Fleeting Power

6

January 14, 2020, Peach Springs-

The Colorado River flows, past a point about ten miles from where I sit.  If I were to follow Diamond Springs Road to its terminus, I would be able to stand and witness the power of this still mighty flow.  The Colorado’s power helped to carve out the massive series of gorges that envelop it.  The Grand Canyon itself has an intense set of powers, all its own.

So, it is ironic, to the nth degree, that the people living in its midst have come to feel powerless, for much of their existence within the framework of the most powerful country of the past 1 1/4 centuries.  The Hualapai and their near neighbours, the Havasupai, know the Canyon more intimately than anyone, with the possible exception of the Dineh (Navajo).  Until about ten years ago, though, the Hualapai enjoyed very little of the economic benefits of the Grand Canyon’s drawing power.  The tribe has established a set of West Rim attractions-a Sky Walk, Eagle Point, and a rafting enterprise, as the Colorado can be accessed from a point on the Reservation.  There is also the comfortable Hualapai Lodge and a fairly well-stocked, if somewhat pricey Walapai Market.

I can tell people who feel powerless, from their language- an inordinate reliance on profanity and pejoratives as their means of projecting force.  The louder and more frequently a person curses; the more often someone is dismissive of people who are different from self, the more there is compensation for one’s own perceived irrelevance.

I’ve seen that, in many places-and I see it with several of the children with whom I’m working here.   That, alone, makes the 1 1/2 months I am likely to spend here, extremely urgent.  Not only building them up, but helping to establish a framework for long-term success, have to be primary goals.

Power derived from deception and intimidation is fleeting.  The Hualapai can no longer afford to rely on this means to power.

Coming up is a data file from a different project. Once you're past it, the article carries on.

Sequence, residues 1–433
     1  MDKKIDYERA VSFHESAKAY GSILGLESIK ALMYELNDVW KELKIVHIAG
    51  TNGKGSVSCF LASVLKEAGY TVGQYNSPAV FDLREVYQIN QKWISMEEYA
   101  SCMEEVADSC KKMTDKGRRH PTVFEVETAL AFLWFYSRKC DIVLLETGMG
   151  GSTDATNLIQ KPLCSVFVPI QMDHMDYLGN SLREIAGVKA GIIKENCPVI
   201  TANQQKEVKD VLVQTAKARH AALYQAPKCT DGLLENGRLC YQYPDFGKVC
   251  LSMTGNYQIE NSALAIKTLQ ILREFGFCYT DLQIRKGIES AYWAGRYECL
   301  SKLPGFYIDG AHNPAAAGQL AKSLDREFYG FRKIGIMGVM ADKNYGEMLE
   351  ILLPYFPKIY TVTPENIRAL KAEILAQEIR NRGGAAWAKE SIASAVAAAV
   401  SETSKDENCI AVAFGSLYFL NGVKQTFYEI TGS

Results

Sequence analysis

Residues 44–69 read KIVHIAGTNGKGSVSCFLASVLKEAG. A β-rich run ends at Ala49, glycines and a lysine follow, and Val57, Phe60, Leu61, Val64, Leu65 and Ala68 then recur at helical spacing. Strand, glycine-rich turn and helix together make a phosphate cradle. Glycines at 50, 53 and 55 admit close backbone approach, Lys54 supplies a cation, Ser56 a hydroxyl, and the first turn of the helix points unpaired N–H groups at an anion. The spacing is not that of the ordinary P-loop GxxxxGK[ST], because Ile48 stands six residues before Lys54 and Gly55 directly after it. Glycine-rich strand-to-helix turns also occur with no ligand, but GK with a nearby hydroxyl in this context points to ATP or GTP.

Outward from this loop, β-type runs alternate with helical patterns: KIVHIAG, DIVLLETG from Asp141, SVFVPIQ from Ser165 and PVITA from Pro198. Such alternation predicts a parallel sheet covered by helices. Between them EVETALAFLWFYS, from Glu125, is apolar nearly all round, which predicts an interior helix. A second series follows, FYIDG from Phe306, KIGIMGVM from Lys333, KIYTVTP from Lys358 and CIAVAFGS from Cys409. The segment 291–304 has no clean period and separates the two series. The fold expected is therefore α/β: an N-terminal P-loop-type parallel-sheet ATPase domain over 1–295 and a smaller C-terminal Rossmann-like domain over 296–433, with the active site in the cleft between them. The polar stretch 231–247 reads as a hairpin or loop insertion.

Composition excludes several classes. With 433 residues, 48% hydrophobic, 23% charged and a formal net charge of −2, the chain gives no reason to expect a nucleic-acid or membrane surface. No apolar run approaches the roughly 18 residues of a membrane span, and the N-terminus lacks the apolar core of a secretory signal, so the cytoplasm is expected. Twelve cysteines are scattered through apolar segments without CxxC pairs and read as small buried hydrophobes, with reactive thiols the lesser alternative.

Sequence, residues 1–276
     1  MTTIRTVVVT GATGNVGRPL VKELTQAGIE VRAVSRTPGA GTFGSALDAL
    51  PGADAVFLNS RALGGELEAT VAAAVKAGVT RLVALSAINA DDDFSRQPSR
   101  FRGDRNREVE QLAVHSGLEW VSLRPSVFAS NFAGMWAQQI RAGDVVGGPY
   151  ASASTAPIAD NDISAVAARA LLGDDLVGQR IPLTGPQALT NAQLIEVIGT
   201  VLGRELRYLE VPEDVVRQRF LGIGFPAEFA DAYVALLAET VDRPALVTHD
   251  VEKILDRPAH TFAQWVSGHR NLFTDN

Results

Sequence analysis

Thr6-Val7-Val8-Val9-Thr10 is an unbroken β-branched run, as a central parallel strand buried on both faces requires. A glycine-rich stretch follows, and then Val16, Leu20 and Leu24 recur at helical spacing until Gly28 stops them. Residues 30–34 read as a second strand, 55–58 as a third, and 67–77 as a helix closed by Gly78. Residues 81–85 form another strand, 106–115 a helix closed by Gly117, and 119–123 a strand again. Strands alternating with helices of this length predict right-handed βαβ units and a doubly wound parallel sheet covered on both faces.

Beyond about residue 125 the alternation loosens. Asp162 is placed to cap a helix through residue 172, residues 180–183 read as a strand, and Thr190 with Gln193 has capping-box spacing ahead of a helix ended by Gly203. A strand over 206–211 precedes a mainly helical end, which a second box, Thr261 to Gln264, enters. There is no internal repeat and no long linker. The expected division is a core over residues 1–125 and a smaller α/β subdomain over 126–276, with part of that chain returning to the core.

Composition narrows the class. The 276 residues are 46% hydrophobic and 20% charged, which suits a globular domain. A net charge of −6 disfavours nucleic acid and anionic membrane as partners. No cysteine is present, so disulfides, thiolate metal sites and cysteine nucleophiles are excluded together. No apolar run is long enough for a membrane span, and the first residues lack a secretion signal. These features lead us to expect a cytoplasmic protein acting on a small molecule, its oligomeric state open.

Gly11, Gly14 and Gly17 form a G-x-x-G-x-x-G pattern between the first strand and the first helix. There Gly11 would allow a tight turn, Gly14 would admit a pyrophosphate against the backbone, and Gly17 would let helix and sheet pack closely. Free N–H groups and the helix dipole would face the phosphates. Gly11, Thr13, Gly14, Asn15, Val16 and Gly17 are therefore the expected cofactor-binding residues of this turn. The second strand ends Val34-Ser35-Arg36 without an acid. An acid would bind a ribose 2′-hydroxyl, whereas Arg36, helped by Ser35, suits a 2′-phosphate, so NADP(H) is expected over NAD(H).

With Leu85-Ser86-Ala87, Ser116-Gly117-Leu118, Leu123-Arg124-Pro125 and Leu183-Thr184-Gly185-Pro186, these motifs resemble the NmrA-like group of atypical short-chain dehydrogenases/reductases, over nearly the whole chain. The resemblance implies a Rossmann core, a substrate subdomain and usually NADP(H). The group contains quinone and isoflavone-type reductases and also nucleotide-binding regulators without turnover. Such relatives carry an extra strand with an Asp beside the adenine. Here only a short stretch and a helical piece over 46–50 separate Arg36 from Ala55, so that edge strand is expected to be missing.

Besh Ba Gowah

8

October 11, 2017, Globe, AZ-

The Southwest is as abundant with remembrances of the past, as anywhere on Earth, and perhaps more than many places.  The various cultures and civilizations that came here, long before the Athapascans, the Comanches, the Utes, to say nothing of the Spanish and other Caucasians, will perhaps never be well understood.  I see, however, that in many ways, these distant ancestors of the Hopi, Zuni, Havasupai, Hualapai, Yavapai and Rio Grande Puebloans are mirrors of ourselves.  Visiting the Salado ruins at Besh Ba Gowah (Apache, for “Metal Camp”), I saw a carefully planned, apartment-based community, which relied on knowledge and cultivation of high desert plants, having drawn on the practices of the Huhugam and others who came here, well before the 11th and 12th Century heydays of the Salado people.

Here are a series of photos of the excavated and unexcavated ruins, the upper and lower gardens, of Besh Ba Gowah, lovingly restored and maintained by an appreciative City of Globe and its citizens.  I am not commenting on all of the individual photos, hoping that you may draw a sense of the vastness of this complex.

Entry to Excavated Ruins:

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The Excavated Ruins:


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Unexcavated Ruins:

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Arizona Gray Squirrel, a bit mottled by the dryness.

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Upper Ethnbotanical Garden:

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Lower Ethnobotanical Garden:

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Look closely, and spot a smiley face:

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Besh Ba Gowah, and Globe as a whole, are nicely placed between Flagstaff, Phoenix and Tucson, making this stunning area a natural place, in which to enjoy a Fall day or three.

NEXT:  The Further Glories of the Gila Wilderness